The real "Fifty Shades of Grey" film: the trenchant chessboard separation btw good & evil is here superseded by progressive grisaille of worseness. Who fumbles to the neutral end of spectrum does so in inverse proportion with their capacity to intervene. Bleak & tightrope tense, DotO shuns nihilism - the ethos of an active life goal-impregnates a useful death due less to communital fever than unexpected philadelphia.
This film is a gem that most people don't know about. Burl Ives (the Big Country) with yet another outstanding performance. Robert Ryan is also very good with some strong supporting acting from Tina Louise. I can't imagine that movies that depict this kind of sexually oriented violence were very popular at the time this was made but De Toth (director) got away with it. Fine film.
Really a wonderful western. Incredible shots that create and maintain moments of tension throughout. Huge overarching sensation of suffocating sense of separation. Quite the view of humanity as it pertains to nature looming in on it brought together with even the empty walls seeming to loom in on the cast. Had some small issues with some of the cast and moments that seemed a tad rushed. Great otherwise.
Burl Ives plays a well-written character and performs it wonderfully. The film has some un-usual for the time long takes, and some awesome long pans, particularly the Dance scene which Bertrand Tavernier has pointed out before (see "Fragments" by de Toth, preface). I really enjoyed the last 12 minutes-briliant b&W cinematography in the snow-with a killer soundtrack!My appreciation of de Toth just keeps growing.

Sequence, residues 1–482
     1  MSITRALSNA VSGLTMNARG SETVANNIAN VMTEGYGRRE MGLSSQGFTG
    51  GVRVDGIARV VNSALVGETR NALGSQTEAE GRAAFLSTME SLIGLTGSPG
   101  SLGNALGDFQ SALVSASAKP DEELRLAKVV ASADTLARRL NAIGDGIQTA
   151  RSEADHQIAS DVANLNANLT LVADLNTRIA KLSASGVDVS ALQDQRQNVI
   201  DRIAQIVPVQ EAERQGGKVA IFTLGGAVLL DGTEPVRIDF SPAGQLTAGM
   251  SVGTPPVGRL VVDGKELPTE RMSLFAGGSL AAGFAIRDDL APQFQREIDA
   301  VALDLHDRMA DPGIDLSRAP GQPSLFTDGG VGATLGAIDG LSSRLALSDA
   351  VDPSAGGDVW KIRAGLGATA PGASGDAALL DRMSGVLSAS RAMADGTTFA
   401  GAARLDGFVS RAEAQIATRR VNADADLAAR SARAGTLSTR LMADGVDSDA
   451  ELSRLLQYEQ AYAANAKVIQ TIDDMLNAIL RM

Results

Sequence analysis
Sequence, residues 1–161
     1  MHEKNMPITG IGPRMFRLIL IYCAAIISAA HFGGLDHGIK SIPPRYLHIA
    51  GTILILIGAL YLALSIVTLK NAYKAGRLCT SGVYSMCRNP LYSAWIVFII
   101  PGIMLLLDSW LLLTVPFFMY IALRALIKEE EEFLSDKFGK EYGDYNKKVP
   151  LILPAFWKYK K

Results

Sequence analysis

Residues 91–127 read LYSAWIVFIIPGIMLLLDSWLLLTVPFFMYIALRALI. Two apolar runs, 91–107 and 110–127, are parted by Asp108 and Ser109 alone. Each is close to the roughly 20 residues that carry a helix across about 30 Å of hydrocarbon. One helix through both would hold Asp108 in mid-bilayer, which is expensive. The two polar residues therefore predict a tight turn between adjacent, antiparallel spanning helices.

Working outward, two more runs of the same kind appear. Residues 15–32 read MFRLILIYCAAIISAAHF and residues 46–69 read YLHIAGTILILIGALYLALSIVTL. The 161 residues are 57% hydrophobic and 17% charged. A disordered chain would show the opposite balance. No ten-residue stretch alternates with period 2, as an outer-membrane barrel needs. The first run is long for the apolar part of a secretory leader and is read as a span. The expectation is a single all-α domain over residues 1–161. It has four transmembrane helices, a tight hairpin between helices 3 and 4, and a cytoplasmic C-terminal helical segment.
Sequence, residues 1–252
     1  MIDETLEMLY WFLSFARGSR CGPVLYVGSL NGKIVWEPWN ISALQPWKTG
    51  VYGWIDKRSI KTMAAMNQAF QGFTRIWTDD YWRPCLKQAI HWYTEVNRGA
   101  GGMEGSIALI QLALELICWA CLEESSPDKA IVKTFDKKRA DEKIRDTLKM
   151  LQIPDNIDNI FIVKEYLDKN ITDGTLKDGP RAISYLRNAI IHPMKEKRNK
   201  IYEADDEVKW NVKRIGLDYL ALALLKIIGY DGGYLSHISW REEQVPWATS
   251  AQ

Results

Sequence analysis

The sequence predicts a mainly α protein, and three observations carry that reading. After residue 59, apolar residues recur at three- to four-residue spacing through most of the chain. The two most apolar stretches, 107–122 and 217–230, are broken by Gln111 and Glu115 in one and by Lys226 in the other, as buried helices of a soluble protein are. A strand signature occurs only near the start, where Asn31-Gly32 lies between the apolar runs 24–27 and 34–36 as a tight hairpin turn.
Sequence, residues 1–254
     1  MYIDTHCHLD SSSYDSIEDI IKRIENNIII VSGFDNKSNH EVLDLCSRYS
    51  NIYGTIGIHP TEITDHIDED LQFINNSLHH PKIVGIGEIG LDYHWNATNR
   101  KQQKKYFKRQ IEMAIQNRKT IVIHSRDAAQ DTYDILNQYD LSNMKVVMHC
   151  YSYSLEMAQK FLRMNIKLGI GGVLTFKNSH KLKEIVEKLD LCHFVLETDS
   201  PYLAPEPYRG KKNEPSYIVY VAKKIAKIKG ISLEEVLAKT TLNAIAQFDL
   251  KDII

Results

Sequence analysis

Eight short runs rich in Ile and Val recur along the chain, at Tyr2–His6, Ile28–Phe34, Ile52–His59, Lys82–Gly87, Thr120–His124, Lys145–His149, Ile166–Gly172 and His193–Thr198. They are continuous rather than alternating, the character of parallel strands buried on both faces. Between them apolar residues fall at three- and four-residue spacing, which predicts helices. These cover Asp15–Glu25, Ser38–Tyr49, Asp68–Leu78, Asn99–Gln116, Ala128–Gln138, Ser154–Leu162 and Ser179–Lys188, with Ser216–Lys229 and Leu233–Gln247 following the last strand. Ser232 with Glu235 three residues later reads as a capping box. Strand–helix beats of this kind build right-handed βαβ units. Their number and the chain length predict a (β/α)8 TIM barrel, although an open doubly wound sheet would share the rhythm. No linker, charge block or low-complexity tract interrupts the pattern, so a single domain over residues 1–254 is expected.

Exemplary for a B movie director's ability to marry economic storytelling with visual poetry to the utmost efficiency. Even the obvious difference in the lighting quality between interior staging and photography in the open adds to its surreal stylization. All in all a little miracle in mise-en-scène.
Harsh inversion of High Noon. Ascends into a blinding wilderness with its gunslinger twilight tropes before dissolving and pulling back to an unsatisfying conclusion, but not before issuing the cry of the individual against history in a way that echoes in Peckinpah and resonates in the hallucinatory angst of Corbucci's Il Grande Silenzio. The life of a genre must pass and when it passes the end must take place.
In my opinion, the less renowned of the revolutionary westerns, a masterpiece that foretells the spaghetti wave and Clint Eastwood's crepuscular work. This is a Greek tragedy in black & white and in the snow, regulated by by Alexandre Courage's great musical score. Indispensable.